In 1721, Henry was made a baronet. He died in 1725.[14]

FamilyEdit

He married Agnes, daughter of the Reverend William Mussen, and they had three sons and a daughter. Robert, the eldest son, died in 1706. He had married Penelope Eustace, daughter and co-heiress of Sir Maurice Eustace of Harristown, County Kildare, and the title passed on Henry's death to Robert's son, Sir Robert Echlin, 2nd Baronet The younger Robert's wife Elizabeth, Lady Echlin (née Bellingham), was a well-known writer in her day.[15]

The main Echlin residence was Kenure House at Rush, County Dublin, which had once belonged to the Duke of Ormonde: only a few traces of Kenure now remain. Echlin also owned Clonagh Castle in Kildare and a town house at Winetavern Street, Dublin.[16]

 
Kenure House

BibliophileEdit

There is a sympathetic account of his character, which notes in particular his abiding passion for books, from the author and bookseller John Dunton, who met him in 1698:

"Baron Echlin is a person of great honour, and of a greatness of soul beyond most that I ever heard of. He is such a universal lover of books that very few if any shall escape him whatever their cost. He has a very large and curious library, yet is as inquisitive still after rarities as if he had none."[17]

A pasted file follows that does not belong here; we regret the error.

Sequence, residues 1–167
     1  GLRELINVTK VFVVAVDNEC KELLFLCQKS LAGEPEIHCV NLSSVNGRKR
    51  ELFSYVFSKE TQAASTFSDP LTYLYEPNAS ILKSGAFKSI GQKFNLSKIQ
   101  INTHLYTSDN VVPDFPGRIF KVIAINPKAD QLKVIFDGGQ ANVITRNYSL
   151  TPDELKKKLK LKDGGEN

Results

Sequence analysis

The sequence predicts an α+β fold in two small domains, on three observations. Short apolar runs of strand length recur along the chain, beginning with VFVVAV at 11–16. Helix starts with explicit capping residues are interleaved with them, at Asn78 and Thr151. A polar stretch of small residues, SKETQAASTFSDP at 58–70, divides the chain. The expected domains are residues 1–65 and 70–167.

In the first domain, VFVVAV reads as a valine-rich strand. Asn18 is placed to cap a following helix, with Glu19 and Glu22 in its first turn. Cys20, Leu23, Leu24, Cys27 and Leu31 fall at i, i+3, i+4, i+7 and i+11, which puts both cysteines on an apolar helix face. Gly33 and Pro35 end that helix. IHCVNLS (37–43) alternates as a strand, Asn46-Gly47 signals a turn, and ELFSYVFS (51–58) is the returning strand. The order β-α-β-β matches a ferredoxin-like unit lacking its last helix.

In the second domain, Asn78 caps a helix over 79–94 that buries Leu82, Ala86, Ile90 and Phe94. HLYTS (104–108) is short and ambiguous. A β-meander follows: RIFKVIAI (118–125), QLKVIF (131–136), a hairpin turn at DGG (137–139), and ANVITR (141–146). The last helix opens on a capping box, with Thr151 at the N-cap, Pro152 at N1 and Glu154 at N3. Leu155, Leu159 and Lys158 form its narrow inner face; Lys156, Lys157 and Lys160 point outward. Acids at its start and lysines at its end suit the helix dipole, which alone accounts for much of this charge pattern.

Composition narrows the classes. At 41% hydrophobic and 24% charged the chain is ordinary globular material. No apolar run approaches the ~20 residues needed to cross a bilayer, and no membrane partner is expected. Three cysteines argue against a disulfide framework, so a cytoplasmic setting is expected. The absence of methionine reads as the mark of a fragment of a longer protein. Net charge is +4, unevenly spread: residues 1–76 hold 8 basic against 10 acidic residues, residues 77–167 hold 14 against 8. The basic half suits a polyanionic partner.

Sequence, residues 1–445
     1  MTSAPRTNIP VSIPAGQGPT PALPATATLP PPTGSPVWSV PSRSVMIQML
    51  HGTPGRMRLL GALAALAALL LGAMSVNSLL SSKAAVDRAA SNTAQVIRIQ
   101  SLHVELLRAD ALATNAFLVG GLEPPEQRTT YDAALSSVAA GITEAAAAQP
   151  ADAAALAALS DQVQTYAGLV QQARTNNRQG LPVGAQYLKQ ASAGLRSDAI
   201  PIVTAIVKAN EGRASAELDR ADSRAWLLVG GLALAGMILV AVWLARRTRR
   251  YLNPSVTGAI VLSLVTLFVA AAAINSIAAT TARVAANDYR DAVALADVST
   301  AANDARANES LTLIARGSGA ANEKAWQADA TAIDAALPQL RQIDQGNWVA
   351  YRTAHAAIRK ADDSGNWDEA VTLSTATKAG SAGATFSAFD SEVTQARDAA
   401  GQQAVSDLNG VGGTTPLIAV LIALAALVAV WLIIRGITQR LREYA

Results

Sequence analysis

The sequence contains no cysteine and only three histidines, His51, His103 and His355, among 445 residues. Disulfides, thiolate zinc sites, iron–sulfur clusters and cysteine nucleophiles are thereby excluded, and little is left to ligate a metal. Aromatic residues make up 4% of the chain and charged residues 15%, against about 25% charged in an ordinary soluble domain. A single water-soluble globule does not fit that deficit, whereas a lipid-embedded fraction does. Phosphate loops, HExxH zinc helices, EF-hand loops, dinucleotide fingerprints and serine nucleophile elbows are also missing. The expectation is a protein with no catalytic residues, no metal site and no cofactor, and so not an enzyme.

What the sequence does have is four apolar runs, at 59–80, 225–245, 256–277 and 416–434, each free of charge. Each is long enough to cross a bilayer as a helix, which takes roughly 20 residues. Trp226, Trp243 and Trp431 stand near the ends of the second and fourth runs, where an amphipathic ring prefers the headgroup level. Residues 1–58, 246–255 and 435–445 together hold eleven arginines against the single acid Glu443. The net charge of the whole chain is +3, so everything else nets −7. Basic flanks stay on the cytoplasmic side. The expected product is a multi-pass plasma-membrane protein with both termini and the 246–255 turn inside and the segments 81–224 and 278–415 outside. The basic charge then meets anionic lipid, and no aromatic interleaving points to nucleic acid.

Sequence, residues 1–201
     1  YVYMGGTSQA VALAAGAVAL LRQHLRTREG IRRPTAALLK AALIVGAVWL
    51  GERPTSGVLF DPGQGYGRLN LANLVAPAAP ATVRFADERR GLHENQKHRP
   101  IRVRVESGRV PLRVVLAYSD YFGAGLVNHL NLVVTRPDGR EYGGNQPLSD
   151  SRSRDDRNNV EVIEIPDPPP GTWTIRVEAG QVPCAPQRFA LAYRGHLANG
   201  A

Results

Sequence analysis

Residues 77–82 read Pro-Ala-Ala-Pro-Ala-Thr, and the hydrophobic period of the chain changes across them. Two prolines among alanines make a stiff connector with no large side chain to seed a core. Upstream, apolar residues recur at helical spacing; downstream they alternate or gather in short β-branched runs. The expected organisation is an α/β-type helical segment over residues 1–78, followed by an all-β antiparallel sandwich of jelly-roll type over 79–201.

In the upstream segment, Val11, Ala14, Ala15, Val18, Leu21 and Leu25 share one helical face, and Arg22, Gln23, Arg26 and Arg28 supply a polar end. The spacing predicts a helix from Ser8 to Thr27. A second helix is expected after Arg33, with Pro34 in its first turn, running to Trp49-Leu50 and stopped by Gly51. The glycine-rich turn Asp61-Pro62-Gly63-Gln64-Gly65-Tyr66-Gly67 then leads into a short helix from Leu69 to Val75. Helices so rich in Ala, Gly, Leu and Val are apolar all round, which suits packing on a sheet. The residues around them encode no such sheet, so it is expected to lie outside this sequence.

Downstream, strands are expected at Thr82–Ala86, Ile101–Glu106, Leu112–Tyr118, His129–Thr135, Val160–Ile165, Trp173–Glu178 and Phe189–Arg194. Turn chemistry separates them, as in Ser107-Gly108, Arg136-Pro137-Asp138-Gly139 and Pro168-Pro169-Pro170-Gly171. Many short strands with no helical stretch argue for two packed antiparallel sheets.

ReferencesEdit

  1. ^ Ball, F. Elrington The Judges in Ireland 1221–1921 John Murray London 1926 Vol. 2 p.56
  2. ^ D.W. Hayton ed. "Robert Echlin" in The History of Parliament -The House of Commons 1690-1715 (2002)
  3. ^ Ball p.56
  4. ^ Hart, A.R. History of the King's Serjeant-at-law in Ireland Dublin Four Courts Press 2000 p.65
  5. ^ Hart pp.65-6
  6. ^ A rival candidate, of whom little is known.
  7. ^ Hart p.65
  8. ^ Hart p.66
  9. ^ Ball p.57
  10. ^ Ball p.57
  11. ^ except Sir Gilbert Dolben, 1st Baronet
  12. ^ Ball p.87- although the suicide may have been the result of a mental illness, and thus unrelated to his political disgrace
  13. ^ Hayton History of Parliament (2002)
  14. ^ Mosley, ed. Burke's Peerage 107th edition Delaware 2003 Vol. 1 p.1268
  15. ^ Burke's Peerage p.1268
  16. ^ Ball p.57
  17. ^ Ball p.28
Baronetage of Ireland
New creation Baronet
(of Clonagh)
1721–1725
Succeeded by
Robert Echlin